Several years ago, as part of a Principa marketing initiative, I conducted a telephone survey of 58 accounting firms in northern Nevada and California who had described themselves in the phone directory and/or their web site as being accountants (CPAs) and business advisers.
We had planned to contact 100 firms that had ads in Yellow Pages indicating they offered business advisory services. Our plan was to start a relationship with those firms by asking them what services they offered, what tools they used to provide those services, and what barriers they faced when selling and delivering their services.
It turns out we were only able to identify 58 firms that met our selection criteria. We excluded firms that only described themselves as CPAs because we were specifically interested in firms that “held themselves out” to offer business advisory services either by specifically stating so e.g. by attaching the words “Business Advisors” to their CPA designation or by listing the services they offered which included business advisory-type services.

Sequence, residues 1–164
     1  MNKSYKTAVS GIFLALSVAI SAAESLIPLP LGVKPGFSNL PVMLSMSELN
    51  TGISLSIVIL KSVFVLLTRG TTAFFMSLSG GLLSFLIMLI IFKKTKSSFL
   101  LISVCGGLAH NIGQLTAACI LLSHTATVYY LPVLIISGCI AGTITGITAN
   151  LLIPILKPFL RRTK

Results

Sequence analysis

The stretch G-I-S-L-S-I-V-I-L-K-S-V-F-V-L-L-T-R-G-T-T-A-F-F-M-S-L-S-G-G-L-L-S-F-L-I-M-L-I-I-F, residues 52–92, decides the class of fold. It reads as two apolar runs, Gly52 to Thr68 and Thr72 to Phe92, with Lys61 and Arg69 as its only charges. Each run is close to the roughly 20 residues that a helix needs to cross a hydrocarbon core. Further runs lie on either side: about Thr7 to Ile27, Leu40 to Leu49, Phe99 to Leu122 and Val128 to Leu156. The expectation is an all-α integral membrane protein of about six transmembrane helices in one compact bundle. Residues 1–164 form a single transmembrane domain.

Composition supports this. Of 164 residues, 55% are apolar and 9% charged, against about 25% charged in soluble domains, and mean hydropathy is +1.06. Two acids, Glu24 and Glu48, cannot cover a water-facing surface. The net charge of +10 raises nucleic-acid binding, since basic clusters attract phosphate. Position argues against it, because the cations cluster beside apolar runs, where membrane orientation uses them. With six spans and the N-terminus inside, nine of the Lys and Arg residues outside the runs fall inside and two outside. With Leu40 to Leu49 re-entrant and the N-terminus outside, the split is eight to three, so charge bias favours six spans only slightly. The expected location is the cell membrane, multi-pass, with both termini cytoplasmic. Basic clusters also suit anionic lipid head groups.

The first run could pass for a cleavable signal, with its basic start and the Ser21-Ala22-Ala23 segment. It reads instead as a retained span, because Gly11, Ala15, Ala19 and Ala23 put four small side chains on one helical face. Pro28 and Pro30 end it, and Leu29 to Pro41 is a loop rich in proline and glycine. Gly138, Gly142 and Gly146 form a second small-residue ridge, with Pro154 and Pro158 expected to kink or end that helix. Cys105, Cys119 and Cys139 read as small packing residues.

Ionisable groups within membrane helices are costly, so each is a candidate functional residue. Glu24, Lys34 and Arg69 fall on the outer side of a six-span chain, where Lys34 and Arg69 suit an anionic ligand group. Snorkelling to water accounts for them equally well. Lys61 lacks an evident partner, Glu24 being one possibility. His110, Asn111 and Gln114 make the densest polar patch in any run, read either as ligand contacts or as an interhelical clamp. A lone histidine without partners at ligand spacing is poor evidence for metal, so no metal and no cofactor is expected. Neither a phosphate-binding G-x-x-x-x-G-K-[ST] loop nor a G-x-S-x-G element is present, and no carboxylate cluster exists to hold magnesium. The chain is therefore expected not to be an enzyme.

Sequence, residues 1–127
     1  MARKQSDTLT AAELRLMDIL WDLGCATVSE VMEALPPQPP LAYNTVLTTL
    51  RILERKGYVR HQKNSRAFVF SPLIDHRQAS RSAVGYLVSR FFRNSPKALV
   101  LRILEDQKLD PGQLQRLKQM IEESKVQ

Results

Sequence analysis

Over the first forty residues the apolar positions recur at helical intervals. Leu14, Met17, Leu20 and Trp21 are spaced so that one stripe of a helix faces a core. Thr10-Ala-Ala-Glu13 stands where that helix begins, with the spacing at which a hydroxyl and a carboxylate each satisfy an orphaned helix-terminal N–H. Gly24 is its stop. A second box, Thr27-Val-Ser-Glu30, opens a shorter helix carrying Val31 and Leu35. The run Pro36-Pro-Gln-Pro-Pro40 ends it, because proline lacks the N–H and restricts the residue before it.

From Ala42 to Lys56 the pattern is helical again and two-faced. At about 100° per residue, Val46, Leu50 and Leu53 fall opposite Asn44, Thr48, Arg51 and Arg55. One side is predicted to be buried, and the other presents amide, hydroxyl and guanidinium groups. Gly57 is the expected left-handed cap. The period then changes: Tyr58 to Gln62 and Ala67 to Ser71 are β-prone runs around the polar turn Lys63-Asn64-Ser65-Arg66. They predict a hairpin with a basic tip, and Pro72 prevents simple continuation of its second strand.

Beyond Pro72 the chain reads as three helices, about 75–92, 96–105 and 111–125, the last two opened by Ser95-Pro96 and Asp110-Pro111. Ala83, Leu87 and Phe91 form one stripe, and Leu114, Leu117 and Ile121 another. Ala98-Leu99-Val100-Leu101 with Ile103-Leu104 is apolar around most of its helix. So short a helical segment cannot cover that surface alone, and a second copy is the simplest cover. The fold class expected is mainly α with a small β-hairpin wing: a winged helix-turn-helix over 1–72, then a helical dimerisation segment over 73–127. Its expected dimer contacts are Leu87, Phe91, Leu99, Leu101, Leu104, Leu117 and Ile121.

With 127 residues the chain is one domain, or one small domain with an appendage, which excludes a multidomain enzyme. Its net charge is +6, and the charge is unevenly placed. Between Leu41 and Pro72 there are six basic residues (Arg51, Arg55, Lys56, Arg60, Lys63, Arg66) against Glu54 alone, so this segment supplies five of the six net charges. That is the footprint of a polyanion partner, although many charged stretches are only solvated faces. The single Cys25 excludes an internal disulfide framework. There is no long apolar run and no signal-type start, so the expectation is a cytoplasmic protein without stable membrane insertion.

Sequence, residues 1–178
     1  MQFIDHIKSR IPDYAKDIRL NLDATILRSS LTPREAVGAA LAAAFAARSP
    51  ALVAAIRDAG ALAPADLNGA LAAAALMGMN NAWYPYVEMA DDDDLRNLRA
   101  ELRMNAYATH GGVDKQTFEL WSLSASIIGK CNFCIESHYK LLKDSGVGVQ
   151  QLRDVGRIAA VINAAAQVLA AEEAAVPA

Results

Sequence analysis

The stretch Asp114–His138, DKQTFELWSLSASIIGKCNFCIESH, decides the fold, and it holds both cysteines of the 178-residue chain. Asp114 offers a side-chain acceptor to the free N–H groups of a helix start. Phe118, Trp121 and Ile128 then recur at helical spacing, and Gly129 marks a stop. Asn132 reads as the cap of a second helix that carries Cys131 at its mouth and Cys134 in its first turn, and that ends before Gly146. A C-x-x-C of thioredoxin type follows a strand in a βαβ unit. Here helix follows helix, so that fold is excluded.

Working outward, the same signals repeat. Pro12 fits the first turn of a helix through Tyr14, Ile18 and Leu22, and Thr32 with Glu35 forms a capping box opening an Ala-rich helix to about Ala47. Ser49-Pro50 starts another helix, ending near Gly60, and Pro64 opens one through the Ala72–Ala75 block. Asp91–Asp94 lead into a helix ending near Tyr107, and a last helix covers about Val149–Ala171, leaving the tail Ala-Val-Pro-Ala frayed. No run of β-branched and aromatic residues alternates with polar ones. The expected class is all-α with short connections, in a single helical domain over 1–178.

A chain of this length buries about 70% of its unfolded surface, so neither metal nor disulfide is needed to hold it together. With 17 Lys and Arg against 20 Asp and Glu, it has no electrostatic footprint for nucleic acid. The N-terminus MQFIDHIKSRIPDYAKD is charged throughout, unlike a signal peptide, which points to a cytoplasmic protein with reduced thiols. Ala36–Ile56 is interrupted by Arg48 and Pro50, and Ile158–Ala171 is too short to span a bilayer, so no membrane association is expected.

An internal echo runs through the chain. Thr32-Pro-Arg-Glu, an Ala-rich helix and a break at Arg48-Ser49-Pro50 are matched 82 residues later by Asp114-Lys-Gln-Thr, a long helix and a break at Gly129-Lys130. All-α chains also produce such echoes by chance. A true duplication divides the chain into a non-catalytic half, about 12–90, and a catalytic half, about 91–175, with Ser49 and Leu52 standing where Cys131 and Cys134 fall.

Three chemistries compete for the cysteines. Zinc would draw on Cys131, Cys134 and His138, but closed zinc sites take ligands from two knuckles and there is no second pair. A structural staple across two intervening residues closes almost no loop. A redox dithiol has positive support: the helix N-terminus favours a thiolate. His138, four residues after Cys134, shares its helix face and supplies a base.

I and a couple of my team called the firms and asked to speak to the person in charge. The opening scripted question we asked was “I see the advertisement in your phone book [or web site] mentions that your firm offers business advisory services, could you tell me specifically what that entails.”
Here are the results of that survey:
|Did not answer the phone
|Said they would call back but didn’t
|Total we were unable to connect with
|The firms we did speak to offered:
Tax effective entity structure
Advice on and assistance setting up an accounting system e.g. QuickBooks
Bookkeeping service or support
Financial statement preparation
|Most of the above plus assistance with:
Cash flow and profit projections